Conservative politics in the South are often linked to religious practice. However, the image of the faithful politician may soon expand to include Southern Democrats, whose advertisements and interviews are inspiring the change.
"Religion offers a powerful connection with many in the South, considered the most religious part of the country. Some Democrats are finding their faith can be a valuable way to reach voters," the Associated Press reported.
AP's coverage of Southern Democrats and religion, which included an article and a video, featured interviews with U.S. Senate candidates Michelle Nunn of Georgia, Mark Pryor of Arkansas, Alison Lundergan Grimes of Kentucky and Georgia gubernatorial candiate Jason Carter, a state senator who is former President Jimmy Carter's grandson.
Although each politician addresses faith differently, all represent a Democratic Party that is eager to reclaim religious voters in the South. "Nationally, Kentucky and Georgia may represent the Democrats' best hopes to thwart a Republican plan to take control of the U.S. Senate," AP reported.
Nunn addressed her Methodist upbringing in a video about her grandmother. "We live our faith by helping others," Nunn explained.
"The Bible teaches us no one has all the answers: only God does. And neither political party is always right," Pryor, who is running for re-election, said in a TV ad.
Pryor's faith was targeted by his opponent, Rep. Tom Cotton, in a radio interview, The Huffington Post reported. Cotton criticized the senator's response to this week's Supreme Court decision in favor of Hobby Lobby.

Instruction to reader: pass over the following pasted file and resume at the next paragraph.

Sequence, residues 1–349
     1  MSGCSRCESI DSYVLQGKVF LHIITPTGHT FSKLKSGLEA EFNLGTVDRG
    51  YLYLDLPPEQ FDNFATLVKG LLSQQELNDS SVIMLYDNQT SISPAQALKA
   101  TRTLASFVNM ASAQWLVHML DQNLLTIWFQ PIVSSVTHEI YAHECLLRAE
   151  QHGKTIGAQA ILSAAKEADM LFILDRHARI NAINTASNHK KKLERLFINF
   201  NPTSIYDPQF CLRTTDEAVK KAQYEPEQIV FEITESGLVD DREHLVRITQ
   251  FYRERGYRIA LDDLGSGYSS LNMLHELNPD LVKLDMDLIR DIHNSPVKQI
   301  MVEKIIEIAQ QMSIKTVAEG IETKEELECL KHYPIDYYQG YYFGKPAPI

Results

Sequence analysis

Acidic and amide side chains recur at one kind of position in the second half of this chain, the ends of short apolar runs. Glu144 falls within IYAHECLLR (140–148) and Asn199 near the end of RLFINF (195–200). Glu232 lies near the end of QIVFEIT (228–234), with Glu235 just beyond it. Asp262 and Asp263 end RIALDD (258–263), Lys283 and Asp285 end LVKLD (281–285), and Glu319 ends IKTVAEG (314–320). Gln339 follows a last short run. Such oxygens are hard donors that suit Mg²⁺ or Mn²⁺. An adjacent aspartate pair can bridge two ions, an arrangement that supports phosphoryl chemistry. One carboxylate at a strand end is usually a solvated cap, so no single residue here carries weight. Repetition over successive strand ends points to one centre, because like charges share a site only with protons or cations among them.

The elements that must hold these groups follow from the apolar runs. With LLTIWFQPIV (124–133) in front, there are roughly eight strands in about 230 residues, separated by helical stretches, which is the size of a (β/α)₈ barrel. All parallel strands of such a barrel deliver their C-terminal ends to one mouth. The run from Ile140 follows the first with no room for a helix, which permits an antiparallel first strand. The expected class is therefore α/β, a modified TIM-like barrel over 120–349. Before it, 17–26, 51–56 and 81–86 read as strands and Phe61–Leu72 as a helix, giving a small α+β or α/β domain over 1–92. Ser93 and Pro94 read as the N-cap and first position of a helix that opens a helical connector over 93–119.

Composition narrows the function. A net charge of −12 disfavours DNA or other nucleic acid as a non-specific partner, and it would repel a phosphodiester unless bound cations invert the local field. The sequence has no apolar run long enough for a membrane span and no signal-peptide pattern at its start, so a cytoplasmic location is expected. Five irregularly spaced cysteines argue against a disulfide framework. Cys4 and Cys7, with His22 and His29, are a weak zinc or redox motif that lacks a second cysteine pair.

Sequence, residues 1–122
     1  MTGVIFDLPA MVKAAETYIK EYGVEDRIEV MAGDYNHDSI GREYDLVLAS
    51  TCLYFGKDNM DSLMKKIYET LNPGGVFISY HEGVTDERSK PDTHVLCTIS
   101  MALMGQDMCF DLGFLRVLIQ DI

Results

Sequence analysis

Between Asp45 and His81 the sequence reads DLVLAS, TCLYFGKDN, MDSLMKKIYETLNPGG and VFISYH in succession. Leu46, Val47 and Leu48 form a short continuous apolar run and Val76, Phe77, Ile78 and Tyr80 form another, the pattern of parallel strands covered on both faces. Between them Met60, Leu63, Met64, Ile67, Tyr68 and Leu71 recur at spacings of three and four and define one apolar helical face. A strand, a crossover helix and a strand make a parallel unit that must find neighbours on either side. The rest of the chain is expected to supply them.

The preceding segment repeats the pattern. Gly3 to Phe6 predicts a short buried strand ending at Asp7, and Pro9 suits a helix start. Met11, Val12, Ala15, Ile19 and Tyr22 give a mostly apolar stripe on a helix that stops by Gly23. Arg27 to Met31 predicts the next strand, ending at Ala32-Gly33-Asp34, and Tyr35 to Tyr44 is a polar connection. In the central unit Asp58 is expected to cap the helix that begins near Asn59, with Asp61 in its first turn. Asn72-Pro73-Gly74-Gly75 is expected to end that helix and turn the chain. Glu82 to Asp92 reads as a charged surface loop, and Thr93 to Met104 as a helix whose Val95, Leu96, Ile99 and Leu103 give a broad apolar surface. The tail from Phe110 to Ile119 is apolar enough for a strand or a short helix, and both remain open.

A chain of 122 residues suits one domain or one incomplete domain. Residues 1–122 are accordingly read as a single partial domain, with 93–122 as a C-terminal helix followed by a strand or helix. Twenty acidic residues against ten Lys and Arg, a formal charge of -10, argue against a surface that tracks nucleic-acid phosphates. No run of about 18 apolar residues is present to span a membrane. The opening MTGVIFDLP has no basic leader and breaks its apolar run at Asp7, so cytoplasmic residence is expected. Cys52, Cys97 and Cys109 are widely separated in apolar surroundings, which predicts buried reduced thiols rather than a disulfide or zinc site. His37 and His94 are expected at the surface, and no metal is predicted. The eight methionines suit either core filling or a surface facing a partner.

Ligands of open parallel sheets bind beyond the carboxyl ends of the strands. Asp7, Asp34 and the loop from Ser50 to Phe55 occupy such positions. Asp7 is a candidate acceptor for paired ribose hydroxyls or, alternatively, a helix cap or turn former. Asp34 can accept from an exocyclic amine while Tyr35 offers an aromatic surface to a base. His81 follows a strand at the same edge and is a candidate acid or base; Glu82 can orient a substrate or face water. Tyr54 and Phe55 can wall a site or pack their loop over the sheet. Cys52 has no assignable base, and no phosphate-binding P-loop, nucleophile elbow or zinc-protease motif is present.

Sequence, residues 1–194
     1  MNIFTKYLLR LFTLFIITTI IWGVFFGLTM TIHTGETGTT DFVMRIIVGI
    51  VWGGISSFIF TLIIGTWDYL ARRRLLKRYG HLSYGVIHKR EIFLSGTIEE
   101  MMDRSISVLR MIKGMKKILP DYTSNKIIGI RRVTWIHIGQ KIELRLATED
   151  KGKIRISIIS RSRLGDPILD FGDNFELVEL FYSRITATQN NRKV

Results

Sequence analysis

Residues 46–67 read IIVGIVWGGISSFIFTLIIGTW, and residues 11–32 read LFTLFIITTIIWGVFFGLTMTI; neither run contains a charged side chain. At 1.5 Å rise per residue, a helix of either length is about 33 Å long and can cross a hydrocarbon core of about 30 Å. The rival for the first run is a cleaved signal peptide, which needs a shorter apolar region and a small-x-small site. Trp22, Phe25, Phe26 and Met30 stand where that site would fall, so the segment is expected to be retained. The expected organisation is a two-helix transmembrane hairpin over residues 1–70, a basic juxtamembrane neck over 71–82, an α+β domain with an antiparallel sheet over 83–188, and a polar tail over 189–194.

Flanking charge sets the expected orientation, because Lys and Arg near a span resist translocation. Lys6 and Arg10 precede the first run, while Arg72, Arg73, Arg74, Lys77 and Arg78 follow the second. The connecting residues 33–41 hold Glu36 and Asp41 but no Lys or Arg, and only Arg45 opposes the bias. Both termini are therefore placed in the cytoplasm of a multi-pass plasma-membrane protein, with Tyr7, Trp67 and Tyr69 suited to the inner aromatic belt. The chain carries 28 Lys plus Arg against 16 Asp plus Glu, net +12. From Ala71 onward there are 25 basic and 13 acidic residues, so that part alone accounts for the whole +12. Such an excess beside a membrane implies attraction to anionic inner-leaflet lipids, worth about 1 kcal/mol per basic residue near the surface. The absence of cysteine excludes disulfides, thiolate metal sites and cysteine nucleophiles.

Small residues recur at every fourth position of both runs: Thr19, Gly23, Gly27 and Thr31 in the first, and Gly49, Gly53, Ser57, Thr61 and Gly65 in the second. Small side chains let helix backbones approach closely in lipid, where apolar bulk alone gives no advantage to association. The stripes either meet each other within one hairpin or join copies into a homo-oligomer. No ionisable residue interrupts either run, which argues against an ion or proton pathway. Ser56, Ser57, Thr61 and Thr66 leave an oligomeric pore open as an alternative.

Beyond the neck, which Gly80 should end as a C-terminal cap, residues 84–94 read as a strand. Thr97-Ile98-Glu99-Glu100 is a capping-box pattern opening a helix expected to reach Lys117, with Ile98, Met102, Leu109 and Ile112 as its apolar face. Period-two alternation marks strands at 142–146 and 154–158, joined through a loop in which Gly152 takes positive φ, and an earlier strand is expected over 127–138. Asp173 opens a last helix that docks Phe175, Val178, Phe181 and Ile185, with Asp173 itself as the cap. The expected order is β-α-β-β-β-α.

"I'm disappointed in Congressman Cotton's deeply personal attack on me. He and I may disagree on issues, but for him to question my faith is out of bounds," Pryor said in a statement.
According to a recent Buzzfeed article, Southern Republicans are also talking about religion in new ways. McKay Coppins' profile of Louisiana Gov. Bobby Jindal addresses the party's changing relationship with the religious right, a conservative Christian movement with strong ties to the American South.
"While much of the Republican Party has written off the movement as a shrinking niche to be appeased but not feared, Jindal is working deliberately to consolidate their support and position himself as the election-year champion of values voters," Coppins wrote. "(Jindal) believes conservatives should actively recast the culture wars as a fight for the freedom to live according to one's faith — not as a crusade to force a strict moral code on America."
Georgetown University's Berkley Center for Religion, Peace and World Affairs has created a resource for people interested in the intersection of religion and politics. The Web page "assembles key statements by U.S. presidents over time and provides an overview of three key themes: values issues (such as abortion), foreign policy and Islam. It also includes position statements about religion from the platforms of the Democratic Party and Republican Party."
"Faith has always been a central part of the American story," stated the 2012 Democratic Platform. "We know that our nation, our communities, and our lives are made vastly stronger and richer by faith and the countless acts of justice and mercy it inspires."
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